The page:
Unleashing the Power of the UK’s Mersey River

The Mersey river’s strong tides and currents could be used to produce significant amounts of renewable energy in the future, according to a team of experts who have spent the last year evaluating a variety of possible technologies. One option being considered is a modern twist on an energy generating source that has been in use for thousands of years — a waterwheel.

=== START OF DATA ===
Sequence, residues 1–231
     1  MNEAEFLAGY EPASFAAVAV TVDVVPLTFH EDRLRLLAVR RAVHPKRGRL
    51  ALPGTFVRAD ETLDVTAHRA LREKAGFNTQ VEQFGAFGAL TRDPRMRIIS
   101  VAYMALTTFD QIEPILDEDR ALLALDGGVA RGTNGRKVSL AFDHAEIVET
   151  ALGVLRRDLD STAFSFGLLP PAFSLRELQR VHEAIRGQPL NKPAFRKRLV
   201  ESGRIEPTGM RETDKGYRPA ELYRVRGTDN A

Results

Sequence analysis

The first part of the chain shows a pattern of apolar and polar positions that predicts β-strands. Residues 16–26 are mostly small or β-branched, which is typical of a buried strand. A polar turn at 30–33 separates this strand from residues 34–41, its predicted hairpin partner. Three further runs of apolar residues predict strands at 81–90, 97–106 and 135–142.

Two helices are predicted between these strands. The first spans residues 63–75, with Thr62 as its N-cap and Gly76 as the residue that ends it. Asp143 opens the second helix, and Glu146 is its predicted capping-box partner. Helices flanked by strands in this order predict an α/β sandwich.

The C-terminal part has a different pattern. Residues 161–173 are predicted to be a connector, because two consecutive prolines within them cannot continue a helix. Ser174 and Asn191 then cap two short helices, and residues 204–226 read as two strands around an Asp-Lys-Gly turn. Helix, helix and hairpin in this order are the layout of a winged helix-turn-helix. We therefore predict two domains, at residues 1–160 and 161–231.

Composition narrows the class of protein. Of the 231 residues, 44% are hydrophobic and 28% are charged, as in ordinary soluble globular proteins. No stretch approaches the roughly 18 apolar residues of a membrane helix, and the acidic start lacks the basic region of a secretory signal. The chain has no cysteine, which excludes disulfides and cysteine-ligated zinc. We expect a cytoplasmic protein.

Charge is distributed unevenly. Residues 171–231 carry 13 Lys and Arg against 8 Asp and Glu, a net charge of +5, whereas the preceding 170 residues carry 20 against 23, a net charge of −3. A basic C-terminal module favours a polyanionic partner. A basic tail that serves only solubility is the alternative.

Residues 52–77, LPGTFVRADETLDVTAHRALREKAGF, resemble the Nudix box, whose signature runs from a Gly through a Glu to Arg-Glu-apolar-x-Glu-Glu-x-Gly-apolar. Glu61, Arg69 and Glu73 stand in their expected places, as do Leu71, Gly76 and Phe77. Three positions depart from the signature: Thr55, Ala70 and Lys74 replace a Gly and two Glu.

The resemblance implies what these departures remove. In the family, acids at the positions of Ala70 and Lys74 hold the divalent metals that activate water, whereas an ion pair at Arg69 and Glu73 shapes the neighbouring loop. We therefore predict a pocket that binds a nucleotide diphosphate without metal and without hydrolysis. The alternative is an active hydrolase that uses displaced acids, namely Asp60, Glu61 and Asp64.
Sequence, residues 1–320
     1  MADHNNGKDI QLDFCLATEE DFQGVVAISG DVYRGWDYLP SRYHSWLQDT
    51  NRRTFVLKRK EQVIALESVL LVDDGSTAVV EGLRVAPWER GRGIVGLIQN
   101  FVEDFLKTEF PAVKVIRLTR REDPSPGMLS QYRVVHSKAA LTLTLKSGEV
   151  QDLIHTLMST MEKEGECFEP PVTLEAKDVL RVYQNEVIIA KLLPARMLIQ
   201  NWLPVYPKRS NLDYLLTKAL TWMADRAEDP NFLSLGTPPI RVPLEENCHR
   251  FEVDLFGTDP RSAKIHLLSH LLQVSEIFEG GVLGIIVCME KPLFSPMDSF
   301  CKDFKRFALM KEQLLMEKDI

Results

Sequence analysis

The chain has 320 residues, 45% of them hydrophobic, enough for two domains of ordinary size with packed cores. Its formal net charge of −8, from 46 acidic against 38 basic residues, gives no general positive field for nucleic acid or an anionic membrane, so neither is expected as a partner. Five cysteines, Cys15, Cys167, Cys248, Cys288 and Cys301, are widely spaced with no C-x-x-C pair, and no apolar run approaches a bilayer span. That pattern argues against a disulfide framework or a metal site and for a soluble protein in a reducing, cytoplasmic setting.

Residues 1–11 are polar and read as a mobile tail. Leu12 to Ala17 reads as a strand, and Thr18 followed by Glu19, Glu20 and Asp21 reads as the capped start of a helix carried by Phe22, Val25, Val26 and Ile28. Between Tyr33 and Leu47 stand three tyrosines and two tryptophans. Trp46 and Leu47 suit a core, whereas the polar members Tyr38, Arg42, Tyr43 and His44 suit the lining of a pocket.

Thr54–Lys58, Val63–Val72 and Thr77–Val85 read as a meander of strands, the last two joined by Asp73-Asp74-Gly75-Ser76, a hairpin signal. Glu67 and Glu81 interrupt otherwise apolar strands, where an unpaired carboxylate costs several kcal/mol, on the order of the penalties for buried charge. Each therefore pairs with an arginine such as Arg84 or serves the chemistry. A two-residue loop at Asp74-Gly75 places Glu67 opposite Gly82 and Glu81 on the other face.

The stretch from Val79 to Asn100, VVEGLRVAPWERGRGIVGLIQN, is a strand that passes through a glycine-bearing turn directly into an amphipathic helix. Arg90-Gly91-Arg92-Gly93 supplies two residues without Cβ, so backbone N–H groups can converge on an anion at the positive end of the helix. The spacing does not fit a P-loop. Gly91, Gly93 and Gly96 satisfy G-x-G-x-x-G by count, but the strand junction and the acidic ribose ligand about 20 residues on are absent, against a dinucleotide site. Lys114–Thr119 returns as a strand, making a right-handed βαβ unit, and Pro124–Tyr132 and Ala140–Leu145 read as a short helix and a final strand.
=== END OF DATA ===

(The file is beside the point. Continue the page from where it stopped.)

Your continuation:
“Waterwheels produce less energy than marine current turbines, but they are robust and require low maintenance,” said Peter Guthrie, a Professor of Engineering for Sustainable Development at Cambridge University. Guthrie is part of the study led by consultants Buro Happold and co-sponsored by Peel Holdings — owner of the Mersey Docks & Harbour Company and Liverpool John Lennon airport — and the Northwest Regional Development Agency (NWDA). Many of the technologies being evaluated by the team are so new that they are still under development. For this reason, the team is likely to recommend a pilot project that would allow testing before full implementation. “The whole principle of the study is that the technologies under consideration must be proven, but they would be used in a new environment. We are trying to be innovative and novel but also reduce the risk to a minimum. A staged approach is appealing in terms of speed, practicality and affordability,” said Guthrie. While a waterwheel is a novel idea, a more likely option for the Mersey is underwater turbines. According to the study, the Mersey is one of the best locations in the UK for the production of marine renewable energy because of its large tidal range of 8-10 meters and powerful tidal currents. “We are looking at the type of technologies available for generating electrical power. It has already been established that it is tidal flow and not wave power that would be the most suitable method for the Mersey. There are different schemes that could be utilized, some visible and some hidden. It may be that a scheme will be [tried] initially as part of a wide consultation process,” said Tim Bownes, chief engineer at Mersey Docks. The team is due to release its final recommendations next April. It will lay out a shortlist of the two or three most promising technologies as well as the two or three most likely locations on the estuary. The next step would then be for Peel Holdings to take the shortlist of options forward for more detailed consideration. “The environment, shipping and regeneration have been integral to this study from the outset. Any scheme would have to bring benefits to local people and the local economy, but we must also respect the Mersey Estuary’s importance for wildlife such as wading birds,” said Guthrie.
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